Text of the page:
I received a request from IRCC to provide another document for my application. What should I do?

If you receive a request from IRCC to provide additional documents after you have submitted your application, it is very important to upload the document by the deadline as well as make sure to follow the steps to successfully submit them to IRCC. 

PROOF OF TUITION PAYMENT

If you are unable to register and have not paid for tuition, you should write a letter of explanation and combine this with the UBC Confirmation of Tuition Payment Policies for International Students letter (pdf) and upload them together in one PDF.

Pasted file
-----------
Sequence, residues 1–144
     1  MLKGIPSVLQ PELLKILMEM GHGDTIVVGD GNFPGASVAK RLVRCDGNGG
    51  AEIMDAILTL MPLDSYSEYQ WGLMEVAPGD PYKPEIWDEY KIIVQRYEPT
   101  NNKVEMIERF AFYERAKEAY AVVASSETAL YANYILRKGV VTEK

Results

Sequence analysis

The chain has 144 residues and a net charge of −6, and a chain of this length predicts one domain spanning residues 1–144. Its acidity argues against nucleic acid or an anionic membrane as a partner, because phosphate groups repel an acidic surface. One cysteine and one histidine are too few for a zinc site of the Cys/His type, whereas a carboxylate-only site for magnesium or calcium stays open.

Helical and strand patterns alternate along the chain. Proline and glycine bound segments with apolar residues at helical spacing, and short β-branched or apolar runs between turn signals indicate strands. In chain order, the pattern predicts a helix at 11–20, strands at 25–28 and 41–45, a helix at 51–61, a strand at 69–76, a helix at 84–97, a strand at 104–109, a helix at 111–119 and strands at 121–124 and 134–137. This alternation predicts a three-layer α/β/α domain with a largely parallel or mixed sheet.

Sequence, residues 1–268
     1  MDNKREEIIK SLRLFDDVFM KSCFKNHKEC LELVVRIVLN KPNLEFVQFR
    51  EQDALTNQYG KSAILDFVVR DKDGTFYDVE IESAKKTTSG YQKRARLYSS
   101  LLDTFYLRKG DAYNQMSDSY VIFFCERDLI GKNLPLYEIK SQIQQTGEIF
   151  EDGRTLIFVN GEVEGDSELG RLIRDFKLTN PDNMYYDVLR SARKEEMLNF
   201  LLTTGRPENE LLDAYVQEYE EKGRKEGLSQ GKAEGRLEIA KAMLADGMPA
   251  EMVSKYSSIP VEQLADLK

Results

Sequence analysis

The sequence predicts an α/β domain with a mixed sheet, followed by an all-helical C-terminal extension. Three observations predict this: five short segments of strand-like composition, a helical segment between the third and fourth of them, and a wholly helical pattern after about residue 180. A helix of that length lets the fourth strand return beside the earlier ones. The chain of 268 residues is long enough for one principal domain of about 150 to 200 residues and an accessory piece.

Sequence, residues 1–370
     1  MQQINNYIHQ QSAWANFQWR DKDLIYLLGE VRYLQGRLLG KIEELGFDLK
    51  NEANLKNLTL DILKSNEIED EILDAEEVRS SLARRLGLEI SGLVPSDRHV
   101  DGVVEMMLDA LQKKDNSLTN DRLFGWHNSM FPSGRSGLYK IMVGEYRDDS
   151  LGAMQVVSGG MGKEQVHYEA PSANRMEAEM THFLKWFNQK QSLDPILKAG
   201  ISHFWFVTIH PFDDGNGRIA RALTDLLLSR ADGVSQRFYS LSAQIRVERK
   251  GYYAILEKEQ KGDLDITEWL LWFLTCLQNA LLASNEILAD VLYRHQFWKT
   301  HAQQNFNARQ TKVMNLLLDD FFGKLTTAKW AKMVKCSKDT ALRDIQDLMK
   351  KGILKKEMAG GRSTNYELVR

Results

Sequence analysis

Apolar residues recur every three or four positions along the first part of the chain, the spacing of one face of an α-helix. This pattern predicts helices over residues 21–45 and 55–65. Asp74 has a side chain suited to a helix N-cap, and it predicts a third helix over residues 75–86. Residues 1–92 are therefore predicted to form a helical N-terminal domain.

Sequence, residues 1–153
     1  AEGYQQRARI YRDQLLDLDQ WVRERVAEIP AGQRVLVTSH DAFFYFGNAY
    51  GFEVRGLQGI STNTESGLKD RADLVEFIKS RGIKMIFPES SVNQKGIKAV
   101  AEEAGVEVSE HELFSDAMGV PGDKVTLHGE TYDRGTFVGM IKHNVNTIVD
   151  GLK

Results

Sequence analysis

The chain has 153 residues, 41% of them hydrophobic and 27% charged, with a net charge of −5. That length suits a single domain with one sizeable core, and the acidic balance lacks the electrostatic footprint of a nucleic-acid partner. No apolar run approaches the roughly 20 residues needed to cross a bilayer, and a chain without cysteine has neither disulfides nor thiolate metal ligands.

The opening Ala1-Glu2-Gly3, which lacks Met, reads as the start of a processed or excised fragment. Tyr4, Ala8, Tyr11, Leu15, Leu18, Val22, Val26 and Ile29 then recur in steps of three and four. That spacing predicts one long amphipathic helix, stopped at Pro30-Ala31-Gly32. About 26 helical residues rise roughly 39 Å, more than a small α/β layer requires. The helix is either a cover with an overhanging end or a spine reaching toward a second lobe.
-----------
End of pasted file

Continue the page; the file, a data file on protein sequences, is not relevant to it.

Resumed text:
If you have paid for tuition, get proof of payment from your Student Services Centre (SSC) by selecting "Tuition History" under Finances.

UPDATED LETTER OF ACCEPTANCE

If you receive a request for an updated letter of acceptance, contact isa@students.ubc.ca and send a copy of the request you’ve received. 

If you are enrolled in classes, download a current letter of enrollment from your Student Services Centre (SSC) by selecting "Proof of Enrolment Letters" under Grades and Records. Then, combine your updated letter of acceptance and letter of enrollment into one PDF and upload them together. 

MEDICAL EXAM

See the FAQ on medical exams.

BIOMETRICS

See the FAQ on biometrics.

Contact isa@students.ubc.ca if you receive a different type of request or have any questions. 


I have applied for a co-op work permit but I have not received it yet. Can I start working?